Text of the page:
With a bundle of brochures in his hands and eyes on the lookout for large chequered holdalls, Naim Basha can often be found waiting at the baggage carousel in Priština airport. ‘Ura’, the Albanian word for ‘bridge’, is printed on Basha’s information leaflets. They address people who left Kosovo in the hope of being granted asylum and starting a better life in Germany. For most it is an illusory hope: after careful case-by-case assessment, few people from Kosovo are granted protection status on the grounds of asylum, particularly since it is seen as a safe country of origin. Some of them have abandoned everything to achieve their dream and invested all their savings in the journey. The holdalls, which they are given prior to repatriation – voluntary or otherwise – after their application for asylum has been dismissed, often hold all their worldly possessions.
Psychologist Basha works for the Ura reintegration project. As part of a team of social workers and job placement officers, he provides guidance on starting a new life back home. Those returning voluntarily to Kosovo in 2015 and 2016 numbered 13,524 in total. During these two years, Basha and his colleagues counselled 9,763 returnees. In the first half of 2017, a total of 1,323 returnees joined them. GIZ is implementing the project on behalf of the German Federal Office for Migration and Refugees, which has been organising reintegration projects in Kosovo for 10 years.
The challenges facing returnees are enormous, since finding work in Kosovo is extremely difficult. The unemployment rate in the country was almost 28 per cent in the third quarter of 2016, and rose as high as 50 per cent among young people. In addition, around one third of the population lives in poverty. Vestiges of the war are visible in many buildings – many are just shells. Weak structures proliferate and corruption in the country is rife.
Listening to what people need
Returnees, most of whom have spent many years in Germany, no longer have a network of friends and acquaintances who could help them find a job. And yet there are sectors in Kosovo – including call centres and IT – which offer good opportunities, particularly for returnees. Moreover, with 43.5 per cent of Kosovars aged under 25, the population is one of the youngest in Europe. That too harbours potential.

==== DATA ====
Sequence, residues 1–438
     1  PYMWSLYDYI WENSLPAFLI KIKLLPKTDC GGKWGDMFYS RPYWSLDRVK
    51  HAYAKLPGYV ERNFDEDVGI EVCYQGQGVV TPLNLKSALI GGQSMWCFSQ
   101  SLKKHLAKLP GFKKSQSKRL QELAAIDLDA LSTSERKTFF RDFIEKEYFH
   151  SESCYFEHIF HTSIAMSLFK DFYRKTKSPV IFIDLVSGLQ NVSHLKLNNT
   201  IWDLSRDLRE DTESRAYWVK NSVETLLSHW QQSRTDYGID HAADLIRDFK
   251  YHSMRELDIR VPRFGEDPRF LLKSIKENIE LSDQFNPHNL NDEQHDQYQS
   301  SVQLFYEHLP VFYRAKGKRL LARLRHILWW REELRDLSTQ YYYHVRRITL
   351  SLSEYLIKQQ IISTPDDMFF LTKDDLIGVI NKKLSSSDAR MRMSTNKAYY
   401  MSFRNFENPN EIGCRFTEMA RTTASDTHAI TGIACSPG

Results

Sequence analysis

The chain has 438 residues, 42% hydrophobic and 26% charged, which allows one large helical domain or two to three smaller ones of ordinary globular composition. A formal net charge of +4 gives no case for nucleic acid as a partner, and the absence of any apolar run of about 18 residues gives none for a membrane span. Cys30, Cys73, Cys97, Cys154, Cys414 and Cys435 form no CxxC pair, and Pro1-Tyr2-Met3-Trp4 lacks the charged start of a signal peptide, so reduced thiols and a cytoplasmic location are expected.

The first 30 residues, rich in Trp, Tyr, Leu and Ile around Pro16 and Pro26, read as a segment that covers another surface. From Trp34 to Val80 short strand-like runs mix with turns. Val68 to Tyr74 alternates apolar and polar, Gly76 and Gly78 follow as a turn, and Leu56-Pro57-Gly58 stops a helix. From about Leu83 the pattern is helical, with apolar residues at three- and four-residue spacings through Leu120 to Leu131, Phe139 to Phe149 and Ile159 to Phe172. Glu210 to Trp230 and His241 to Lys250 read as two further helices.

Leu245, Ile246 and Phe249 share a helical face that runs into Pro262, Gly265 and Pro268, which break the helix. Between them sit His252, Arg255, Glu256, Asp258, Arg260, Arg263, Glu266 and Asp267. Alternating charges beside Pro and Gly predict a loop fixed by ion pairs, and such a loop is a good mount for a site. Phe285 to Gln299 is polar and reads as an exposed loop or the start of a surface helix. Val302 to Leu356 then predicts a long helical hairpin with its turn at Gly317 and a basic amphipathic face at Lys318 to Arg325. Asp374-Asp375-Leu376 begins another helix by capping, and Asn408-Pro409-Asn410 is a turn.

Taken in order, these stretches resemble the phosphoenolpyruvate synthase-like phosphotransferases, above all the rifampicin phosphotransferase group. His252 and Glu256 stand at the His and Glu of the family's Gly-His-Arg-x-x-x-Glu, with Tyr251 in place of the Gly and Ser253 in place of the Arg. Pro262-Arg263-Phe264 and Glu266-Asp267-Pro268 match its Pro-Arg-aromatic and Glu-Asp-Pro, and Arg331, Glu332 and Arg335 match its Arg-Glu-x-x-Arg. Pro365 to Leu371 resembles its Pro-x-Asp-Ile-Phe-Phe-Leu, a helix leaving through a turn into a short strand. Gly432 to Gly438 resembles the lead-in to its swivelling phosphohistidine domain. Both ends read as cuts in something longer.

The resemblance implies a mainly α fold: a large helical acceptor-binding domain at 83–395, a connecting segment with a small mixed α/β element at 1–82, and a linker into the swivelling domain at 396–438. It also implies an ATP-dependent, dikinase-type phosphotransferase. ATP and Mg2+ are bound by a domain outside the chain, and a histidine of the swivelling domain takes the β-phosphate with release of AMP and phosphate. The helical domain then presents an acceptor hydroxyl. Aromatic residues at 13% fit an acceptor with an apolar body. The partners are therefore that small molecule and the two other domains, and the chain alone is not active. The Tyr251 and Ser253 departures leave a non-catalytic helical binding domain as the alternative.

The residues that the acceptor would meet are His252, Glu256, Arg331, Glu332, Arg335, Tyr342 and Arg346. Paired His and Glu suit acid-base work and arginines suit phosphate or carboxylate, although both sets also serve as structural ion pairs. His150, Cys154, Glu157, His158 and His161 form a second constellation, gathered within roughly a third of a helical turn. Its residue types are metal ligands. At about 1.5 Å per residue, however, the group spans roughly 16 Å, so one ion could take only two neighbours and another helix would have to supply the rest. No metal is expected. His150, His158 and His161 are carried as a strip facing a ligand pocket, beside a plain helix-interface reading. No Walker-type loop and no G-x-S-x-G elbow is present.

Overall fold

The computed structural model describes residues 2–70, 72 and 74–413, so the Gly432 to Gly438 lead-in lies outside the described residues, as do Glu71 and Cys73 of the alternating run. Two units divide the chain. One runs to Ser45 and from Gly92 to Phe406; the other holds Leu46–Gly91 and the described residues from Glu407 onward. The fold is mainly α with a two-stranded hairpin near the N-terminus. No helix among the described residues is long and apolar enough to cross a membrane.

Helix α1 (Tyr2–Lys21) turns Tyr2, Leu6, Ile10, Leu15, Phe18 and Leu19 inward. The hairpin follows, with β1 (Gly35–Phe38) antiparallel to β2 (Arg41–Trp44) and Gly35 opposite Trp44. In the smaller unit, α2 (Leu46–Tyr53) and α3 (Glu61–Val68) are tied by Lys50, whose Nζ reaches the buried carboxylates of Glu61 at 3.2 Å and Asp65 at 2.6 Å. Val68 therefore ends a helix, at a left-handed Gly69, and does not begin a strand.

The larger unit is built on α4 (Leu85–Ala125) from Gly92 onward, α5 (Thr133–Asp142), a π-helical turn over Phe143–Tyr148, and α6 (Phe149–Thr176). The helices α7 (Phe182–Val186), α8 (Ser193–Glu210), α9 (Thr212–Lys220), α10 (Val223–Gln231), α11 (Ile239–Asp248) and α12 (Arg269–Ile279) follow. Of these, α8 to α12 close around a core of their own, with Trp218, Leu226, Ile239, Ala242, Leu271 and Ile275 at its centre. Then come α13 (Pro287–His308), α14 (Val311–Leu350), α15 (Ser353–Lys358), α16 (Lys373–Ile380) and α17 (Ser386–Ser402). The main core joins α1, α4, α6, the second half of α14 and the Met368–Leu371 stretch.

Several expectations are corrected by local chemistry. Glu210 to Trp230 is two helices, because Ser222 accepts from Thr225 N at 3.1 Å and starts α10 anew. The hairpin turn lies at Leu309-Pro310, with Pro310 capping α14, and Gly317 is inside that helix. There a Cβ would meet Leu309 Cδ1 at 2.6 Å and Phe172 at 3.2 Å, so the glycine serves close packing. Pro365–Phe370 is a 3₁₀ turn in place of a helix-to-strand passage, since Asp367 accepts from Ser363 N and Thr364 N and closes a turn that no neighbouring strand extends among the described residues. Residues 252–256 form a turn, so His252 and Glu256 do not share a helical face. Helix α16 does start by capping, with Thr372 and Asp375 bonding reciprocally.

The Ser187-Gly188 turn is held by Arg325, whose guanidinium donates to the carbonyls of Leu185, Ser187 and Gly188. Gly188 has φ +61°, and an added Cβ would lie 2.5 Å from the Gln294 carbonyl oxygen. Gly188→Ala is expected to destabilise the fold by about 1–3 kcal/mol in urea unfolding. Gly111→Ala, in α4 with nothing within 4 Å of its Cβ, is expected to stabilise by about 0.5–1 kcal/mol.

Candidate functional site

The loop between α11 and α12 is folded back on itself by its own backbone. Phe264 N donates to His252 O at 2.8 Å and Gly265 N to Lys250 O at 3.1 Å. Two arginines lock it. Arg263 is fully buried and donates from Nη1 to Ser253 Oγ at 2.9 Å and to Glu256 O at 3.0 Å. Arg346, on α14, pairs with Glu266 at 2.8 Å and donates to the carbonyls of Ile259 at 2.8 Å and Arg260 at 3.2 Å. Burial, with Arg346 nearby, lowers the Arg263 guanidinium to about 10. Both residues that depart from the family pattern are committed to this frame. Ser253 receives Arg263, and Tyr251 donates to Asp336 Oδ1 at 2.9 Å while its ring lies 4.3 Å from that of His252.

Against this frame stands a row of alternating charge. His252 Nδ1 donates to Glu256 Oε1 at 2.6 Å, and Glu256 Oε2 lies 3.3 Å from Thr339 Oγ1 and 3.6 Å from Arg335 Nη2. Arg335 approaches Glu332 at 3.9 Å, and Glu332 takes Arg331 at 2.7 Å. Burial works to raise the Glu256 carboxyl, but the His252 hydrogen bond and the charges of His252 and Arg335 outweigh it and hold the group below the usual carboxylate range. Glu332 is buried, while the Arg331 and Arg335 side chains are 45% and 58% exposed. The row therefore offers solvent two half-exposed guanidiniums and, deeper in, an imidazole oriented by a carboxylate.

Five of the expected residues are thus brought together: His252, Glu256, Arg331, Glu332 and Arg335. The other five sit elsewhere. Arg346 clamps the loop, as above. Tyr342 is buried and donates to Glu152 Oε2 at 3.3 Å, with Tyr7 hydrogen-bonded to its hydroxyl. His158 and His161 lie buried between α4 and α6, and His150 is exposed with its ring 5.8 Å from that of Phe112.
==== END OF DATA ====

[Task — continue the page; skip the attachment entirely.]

In his counselling office, Basha and his colleagues help returnees to develop prospects. In the first instance, that means listening closely to what people need, what they can do and above all what they want. Their aim is to find tailored solutions to individual needs. Counsellors tell of a single mother, who after the death of her husband fled to Germany with her two sons. Her request for asylum was turned down. On her return, the centre helped the widow to find a flat and buy clothing and materials for school. The woman was also under considerable psychological strain, Basha recounts.
he centre for returnees also has a job placement service. Korab Lekaj, who sits at the desk next to Basha, is in charge of job placement. He knows from first-hand experience what it feels like to make a new start back home. During the war in Kosovo, Lekaj lived in Switzerland for five years. Since 2007 he has provided information to other returnees about opportunities on Kosovo’s labour market – as well as on training courses and work placements.
Expanding IT sector
‘Sadly, their level of training is often inadequate,’ says Lekaj. But many of the returning men and women have a major advantage: an additional language. ‘There are currently excellent opportunities on the labour market for German-speaking returnees,’ he says in German. Call centres have specifically relocated to Kosovo because many inhabitants speak several languages. There are no figures as yet showing how many of those seeking counselling from Ura have actually found work there.
The IT sector in Kosovo is also expanding. Blerina Berisha works for a start-up in Priština. The 22-year-old computer expert sits in a bright, modern office with a small kitchen and a view out over the city. A poster on the wall exhorts, ‘Get shit done’. This is where the staff of eight, all in their twenties, spend their day programming apps. ‘Kosovo is a popular destination for outsourcing app development,’ says Berisha. The app they are currently working on is for the Austrian Automobile, Motorcycle and Touring Club (ÖAMTC). Berisha is thinking about applying for postgraduate studies in Germany. She has plans. ‘There’s an app I would love to create myself, but it’s still in the early stages.’ She has already found out about requirements for studying in Germany at the German Information Point for Migration, Vocational Training and Careers Advice (DIMAK) in Priština.